01/31/2014 05:01 pm ET Updated Mar 27, 2014

I Can Still Say Happy New Year

It is still January. I have been helping my mother in law recuperate from hip surgery a task for anyone to survive and thrive in ones 80s, but my mom in law is 101 and four months. Her strength of determination to survive this bathroom fall has been an inspiration to all who have come to assist her recover. The new technology is quite amazing, this young surgeon designed the fix on the back of a napkin, which I am sure he has done thousands of time, and as he promised, the surgery took 20 minutes and the fix was completed all she needed was to recover from the shock and medicines for pain. This Christmas miracle began 10 days before Christmas on Sunday morning, and she was out of the hospital in rehab right after Christmas.

So when I visited Consumer Electronic Show (CES) early this month, one of my interests was to find how the wearable technology industry is growing, and what areas are companies focusing on. At CES, what I saw were small companies representing manufactures, primarily from China, designing gadgets to keep track of body functions that could help one get healthy and stay healthy. Some products provided more diagnostics about how your body is moving during some athletic moves and exercise. Also, cool devices that you can wear that are really small computers that are cameras. Polaroid has reinvented themselves by licensing really cool hit stuff and selling it under their great brand. Most of the products take pictures and do things with them that are really very clever and useful. They do have a great tablet for kids, but that is a whole other theme of the CES show. It's getting content to the kids of the world, a fairly untapped market.

Staying on point the following week, right in my own backyard, I perused my interest in wearables by interviewing several golfers at the Humana Challenge, in partnership with the Clinton Foundation's "Health Matters" campaign. President Clinton selected the Coachella Valley as the place to test concepts for the "Health Matters" initiative, which has brought many millions of dollars and a growing recognition that our valley is a leader in reducing obesity and learning to live a healthy lifestyle. A quote from President Clinton on January 16, while answering a question about what he thought about the success of this initiative: "It is better. For one thing, it's been better in two senses. One is, this health care wellness initiative in the Valley itself, has come further and faster than I thought it would."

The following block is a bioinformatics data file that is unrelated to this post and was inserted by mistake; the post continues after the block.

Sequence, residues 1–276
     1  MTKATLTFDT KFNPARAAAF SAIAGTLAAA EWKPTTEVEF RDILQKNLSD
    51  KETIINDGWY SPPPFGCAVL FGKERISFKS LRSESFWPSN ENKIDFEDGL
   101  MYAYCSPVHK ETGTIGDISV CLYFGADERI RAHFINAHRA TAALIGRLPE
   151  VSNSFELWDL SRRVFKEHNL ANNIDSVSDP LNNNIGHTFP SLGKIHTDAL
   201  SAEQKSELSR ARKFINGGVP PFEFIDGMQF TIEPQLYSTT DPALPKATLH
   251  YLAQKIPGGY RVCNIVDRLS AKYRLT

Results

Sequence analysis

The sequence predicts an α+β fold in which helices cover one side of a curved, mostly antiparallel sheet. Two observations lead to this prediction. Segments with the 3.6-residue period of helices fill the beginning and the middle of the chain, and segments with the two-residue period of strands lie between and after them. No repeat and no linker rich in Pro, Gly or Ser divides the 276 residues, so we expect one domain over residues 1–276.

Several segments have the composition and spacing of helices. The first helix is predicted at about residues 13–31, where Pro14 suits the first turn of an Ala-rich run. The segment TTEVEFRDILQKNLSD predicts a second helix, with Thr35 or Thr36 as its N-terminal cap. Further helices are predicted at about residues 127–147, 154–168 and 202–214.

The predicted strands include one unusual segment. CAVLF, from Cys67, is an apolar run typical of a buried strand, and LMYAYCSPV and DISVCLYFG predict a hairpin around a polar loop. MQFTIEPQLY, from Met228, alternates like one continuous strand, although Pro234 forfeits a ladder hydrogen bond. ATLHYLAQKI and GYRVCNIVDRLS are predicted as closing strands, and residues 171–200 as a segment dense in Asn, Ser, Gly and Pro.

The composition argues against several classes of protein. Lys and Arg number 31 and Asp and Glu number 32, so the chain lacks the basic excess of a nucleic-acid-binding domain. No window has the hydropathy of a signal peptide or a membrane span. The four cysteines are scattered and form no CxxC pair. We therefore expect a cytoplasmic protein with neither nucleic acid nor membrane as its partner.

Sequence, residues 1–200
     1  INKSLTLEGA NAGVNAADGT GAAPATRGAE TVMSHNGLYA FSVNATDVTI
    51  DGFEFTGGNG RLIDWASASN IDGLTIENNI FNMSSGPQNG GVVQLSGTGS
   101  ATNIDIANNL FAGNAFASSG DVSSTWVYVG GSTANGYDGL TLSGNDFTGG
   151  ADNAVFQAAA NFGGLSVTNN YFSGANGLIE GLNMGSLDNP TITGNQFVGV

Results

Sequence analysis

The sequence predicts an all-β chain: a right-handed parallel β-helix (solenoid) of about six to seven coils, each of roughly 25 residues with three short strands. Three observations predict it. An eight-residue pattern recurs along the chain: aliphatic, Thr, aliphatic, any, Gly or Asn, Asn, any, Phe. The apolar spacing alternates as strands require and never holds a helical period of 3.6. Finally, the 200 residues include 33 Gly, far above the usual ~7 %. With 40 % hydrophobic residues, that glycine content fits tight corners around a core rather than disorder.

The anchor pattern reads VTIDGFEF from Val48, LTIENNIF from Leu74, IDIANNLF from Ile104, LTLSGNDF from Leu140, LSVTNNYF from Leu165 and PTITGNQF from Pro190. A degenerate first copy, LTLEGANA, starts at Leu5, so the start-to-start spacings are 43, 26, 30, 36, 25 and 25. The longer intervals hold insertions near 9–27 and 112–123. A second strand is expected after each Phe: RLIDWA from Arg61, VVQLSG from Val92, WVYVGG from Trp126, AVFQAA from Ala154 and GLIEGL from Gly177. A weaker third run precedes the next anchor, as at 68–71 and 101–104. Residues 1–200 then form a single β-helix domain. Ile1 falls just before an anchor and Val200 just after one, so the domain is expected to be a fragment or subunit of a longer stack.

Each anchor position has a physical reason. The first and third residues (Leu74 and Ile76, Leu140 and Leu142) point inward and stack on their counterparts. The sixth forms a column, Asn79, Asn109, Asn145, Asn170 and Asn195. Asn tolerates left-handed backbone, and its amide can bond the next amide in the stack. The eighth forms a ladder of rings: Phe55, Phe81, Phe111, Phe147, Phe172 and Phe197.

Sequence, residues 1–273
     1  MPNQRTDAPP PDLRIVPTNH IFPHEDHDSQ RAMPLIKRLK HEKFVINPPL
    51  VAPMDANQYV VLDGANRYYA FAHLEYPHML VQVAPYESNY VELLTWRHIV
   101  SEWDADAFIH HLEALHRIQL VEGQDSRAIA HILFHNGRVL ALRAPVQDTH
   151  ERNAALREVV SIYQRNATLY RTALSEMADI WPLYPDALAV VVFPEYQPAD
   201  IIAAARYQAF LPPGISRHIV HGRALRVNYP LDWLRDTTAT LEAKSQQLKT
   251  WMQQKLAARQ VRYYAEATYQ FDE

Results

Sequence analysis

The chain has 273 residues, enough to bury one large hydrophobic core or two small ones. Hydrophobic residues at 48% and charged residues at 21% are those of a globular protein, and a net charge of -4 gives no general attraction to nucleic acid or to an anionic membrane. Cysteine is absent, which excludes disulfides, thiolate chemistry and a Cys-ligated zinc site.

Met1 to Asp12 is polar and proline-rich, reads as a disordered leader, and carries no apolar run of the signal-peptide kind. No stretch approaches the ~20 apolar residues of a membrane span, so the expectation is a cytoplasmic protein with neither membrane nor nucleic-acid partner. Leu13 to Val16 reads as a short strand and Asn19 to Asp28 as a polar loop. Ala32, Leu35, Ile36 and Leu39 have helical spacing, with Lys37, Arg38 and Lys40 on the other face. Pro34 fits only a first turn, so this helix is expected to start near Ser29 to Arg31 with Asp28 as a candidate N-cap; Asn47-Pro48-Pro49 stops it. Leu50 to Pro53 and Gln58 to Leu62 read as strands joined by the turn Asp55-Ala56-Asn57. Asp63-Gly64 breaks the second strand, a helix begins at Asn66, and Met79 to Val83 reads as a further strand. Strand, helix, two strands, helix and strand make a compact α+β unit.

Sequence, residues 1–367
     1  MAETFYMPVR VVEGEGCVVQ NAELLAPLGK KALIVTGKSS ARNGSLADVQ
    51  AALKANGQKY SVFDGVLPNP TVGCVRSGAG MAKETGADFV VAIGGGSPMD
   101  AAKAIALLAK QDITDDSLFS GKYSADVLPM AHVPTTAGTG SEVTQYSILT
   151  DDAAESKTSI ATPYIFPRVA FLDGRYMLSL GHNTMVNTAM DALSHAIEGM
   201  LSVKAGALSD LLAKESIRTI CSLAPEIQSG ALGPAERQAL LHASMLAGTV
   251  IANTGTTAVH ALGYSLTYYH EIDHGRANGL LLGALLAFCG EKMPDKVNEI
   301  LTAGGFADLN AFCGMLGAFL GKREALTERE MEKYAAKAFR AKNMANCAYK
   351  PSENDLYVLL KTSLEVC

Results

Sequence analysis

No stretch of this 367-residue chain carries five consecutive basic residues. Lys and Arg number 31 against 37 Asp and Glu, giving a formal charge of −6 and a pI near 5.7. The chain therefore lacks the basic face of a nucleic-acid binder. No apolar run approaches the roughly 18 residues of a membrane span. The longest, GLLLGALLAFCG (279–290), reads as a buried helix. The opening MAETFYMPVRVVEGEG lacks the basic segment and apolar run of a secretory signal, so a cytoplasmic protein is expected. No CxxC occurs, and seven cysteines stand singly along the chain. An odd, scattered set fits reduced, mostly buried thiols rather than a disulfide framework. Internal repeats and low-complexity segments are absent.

And he went on to say, "The Valley has supported the whole mission of making this a health based week and moved faster than I thought and the tournament itself has recovered more quickly also."

I agree, and give kudos to the Humana group, who is using technology to get folks to walk more with a pedometer, which they give away at the tournament and many other places, check on line for your free gadget. What a wonderful combination of sports and healthy lifestyle awareness.

So I interviewed a few golfers. First caught up with Brendon Steele on the driving range early on Monday, and asked him what his health routine was to keep in shape for the PGA tour. This guy is tall and lean and, of course, young. What it came down to is that the idea of healthy eating and exercise is a part of training for this up and coming group of golf pros.

Technology has not entered his mind or his trainer's psyche, but they are using video cameras and rangefinder software. I chased down the wonderful and charming Gary Player who is a spokesperson for Humana, to get my information about his training routine. He lifts weights and has for years, which is why he is so trim. Gary shared that his son was diabetic, and how that infliction was such a handicap in this young man's life. The studies that Humana and other have created attribute the explosive growth of Childhood Diabetes to American's terrible eating habits making us overweight from what you eat. He is, and has been, a wonderful role model for global youths; reducing childhood obesity and preventing diabetes is his focus, it was such a pleasure spending time in his company.

At the 18th hole trailer where the golfers sign their score cards, I caught up with Ricky Fowler, a local boy moving up the ladder. I asked him the same question about the use of technology in training and got almost the same answer. Video watching their swing, and using some other software to determine what club for each hole based on the players ability. But Ricky was open to looking at new stuff, and showed us his specially made Puma golf shoes that perfectly hug his foot and in bright orange, his trade mark.

I spoke briefly with Valerie Alexander after the award ceremony and asked the question that I was hoping to get answered; if the Health Matters Clinton Foundation Humana Challenge Golf Tournament with a focus on family and healthy lifestyle is bringing a new audience to golf, primarily women?

I had a great time that week, and it is always very exciting to be in presence of President Clinton.

I see a future with the wearable industry, and there are some incredibly smart folks thinking up new uses and ideas every minute. Someday your clothes will iron themselves, cars will drive you around and you will be wearing a computerized device either in your clothes or under your skin. All this to make us more aware of our bodies, stay on track and enjoy staying healthy. Wasn't GE's old motto, "Making the Future Better Through Technology?" Well we are, here.